Every business owner has to make tough decisions with uncertain outcomes. That is the nature of the job. Making a decision is one of the most powerful acts for inspiring confidence in leaders and managers. Yet many bosses are sometimes squeamish about it. Some decide not to decide, while others simply procrastinate. Either way, it's a cop-out -- and doesn't exactly encourage inspiration in the ranks.
Learn how to make better decisions. You'll be viewed as a better leader and get better results overall. Here are some tips for making quicker, more calculated decisions:
1. Stop seeking perfection.
Many great leaders would prefer a project or report be delivered only 80% complete a few hours early than 100% complete five minutes late. Moral of the story: Don't wait for everything to be perfect. Instead of seeking the impossible, efficient decision makers tend to act without all the answers.
2. Create a constructive environment.
For successful decision making, make sure you establish an objective, involve stakeholders, hear others opinions, and ask the right questions.
3. Expect the Unexpected
No matter how much analysis and planning you do, you cannot predict the future. Things happen so your plans should be flexible enough that you can adapt to the unexpected, without throwing everything off course.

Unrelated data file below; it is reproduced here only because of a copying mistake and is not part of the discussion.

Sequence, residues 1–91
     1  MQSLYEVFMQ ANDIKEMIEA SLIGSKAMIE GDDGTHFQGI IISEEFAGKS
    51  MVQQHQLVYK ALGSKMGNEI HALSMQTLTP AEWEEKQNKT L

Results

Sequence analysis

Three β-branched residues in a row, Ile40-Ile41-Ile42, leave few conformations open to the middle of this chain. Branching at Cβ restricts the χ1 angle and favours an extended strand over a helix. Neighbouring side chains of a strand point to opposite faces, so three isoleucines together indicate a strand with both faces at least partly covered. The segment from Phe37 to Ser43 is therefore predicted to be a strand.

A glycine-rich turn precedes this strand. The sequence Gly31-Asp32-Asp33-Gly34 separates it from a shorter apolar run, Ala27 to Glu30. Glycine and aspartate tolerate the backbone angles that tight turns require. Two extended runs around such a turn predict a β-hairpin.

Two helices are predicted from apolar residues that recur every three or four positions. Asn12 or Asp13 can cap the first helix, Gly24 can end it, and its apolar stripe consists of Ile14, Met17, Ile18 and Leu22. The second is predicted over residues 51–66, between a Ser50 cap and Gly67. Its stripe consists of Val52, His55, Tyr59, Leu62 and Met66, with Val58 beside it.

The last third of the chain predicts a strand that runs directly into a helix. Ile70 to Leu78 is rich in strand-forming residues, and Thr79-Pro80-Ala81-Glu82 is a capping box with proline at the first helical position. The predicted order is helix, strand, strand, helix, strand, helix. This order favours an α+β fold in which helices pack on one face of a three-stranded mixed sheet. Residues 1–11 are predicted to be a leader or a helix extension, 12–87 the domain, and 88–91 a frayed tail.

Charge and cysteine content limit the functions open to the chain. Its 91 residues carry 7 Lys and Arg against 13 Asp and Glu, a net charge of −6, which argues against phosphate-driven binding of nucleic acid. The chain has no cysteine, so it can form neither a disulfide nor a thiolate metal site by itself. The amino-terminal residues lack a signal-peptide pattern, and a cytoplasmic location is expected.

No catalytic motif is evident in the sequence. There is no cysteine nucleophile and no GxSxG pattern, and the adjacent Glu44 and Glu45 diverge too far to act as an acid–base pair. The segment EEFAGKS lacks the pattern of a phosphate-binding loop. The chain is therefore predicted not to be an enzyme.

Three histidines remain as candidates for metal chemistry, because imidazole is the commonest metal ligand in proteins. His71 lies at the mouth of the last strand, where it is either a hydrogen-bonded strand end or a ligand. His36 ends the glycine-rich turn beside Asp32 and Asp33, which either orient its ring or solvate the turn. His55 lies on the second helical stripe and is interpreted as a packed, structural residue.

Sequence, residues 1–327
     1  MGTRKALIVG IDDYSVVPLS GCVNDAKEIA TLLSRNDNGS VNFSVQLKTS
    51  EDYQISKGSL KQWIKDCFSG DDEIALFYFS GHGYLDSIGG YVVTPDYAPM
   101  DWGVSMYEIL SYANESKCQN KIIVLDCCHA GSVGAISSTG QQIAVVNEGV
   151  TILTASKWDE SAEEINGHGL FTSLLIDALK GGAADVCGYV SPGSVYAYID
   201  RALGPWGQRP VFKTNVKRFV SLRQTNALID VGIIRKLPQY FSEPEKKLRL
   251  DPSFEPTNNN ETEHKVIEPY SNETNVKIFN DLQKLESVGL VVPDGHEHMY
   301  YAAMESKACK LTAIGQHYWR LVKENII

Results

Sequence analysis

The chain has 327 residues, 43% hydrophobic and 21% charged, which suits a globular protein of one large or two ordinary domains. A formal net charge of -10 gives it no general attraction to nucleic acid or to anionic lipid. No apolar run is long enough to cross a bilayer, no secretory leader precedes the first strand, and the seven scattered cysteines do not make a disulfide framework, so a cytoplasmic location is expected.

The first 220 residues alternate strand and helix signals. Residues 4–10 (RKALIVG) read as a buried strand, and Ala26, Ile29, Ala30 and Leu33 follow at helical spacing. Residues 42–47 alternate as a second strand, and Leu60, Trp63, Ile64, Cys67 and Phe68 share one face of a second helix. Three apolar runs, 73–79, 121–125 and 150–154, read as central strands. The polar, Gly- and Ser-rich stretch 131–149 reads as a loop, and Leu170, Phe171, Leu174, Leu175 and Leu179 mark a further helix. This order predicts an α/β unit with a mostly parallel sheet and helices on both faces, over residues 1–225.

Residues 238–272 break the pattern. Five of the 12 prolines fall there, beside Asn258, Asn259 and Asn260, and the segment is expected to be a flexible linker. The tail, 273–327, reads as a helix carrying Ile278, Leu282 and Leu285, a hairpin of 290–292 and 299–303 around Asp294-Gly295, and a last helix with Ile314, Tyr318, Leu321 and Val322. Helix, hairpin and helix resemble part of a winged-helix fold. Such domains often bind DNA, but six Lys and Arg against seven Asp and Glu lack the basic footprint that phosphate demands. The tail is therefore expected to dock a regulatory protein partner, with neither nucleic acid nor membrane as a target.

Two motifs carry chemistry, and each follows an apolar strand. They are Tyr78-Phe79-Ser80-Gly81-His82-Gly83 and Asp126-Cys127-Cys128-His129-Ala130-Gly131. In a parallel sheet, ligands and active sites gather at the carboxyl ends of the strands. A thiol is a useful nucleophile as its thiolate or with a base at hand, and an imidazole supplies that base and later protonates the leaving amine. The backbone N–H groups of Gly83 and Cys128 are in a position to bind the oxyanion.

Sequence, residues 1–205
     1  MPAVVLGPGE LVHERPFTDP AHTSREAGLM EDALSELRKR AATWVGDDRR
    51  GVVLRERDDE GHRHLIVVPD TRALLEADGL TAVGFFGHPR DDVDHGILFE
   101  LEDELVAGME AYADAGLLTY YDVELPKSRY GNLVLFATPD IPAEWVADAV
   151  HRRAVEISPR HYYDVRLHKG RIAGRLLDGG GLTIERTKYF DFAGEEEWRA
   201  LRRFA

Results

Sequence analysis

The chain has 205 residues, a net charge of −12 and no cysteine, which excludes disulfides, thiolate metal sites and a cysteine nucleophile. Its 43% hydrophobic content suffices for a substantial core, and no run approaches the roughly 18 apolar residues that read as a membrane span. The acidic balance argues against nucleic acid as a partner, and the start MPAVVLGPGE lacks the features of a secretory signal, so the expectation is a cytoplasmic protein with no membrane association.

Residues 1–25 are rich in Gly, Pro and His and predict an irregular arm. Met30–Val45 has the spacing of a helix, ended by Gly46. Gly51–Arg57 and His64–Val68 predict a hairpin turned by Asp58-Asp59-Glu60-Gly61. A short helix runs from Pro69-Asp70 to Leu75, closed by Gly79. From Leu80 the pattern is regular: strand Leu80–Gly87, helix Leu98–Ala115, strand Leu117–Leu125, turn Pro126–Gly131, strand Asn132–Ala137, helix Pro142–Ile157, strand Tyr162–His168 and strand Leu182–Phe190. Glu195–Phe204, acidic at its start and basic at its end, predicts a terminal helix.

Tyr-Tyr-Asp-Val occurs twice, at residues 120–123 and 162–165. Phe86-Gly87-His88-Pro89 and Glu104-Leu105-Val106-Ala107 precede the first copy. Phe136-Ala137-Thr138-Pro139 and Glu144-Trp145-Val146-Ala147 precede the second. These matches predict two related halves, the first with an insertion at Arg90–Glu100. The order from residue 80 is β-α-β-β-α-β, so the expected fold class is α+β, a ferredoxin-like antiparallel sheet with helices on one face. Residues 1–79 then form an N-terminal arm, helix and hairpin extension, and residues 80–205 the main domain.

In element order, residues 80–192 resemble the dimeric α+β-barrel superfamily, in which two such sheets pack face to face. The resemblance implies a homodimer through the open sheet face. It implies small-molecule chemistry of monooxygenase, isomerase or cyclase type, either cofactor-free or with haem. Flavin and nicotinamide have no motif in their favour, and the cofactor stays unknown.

4. Seek out help when you get in over your head.
If you think you know everything, you are doomed to fail. If you don’t have the time or resources to delve into a particular issue, or don’t have the technical background, or just want a second opinion, then by all means bring in outside experts to help you.
5. Don't problem solve, decide.
A decision can solve a problem, but not every problem can be solved by making a decision. Instead, decision making often relies more on intuition than analysis. Deciding between vendors, for instance, requires examining historical data, references and prices. But the tipping point often rests with your gut. Which feels like the right choice?
6. Communicate Your Decision, and Move to Action.
Once you've made your decision, it's important to explain it to those affected by it, and involved in implementing it. Talk about why you chose the alternative you did. The more information you provide about risks and projected benefits, the more likely people are to support the decision.
An organized and systematic decision-making process usually leads to better decisions. Without a well-defined process, you risk making decisions that are based on insufficient information and analysis. Many variables affect the final impact of your decision.
I hope these few ideas help improve your approach to decision making in your business. Please let me know your thoughts. firstname.lastname@example.org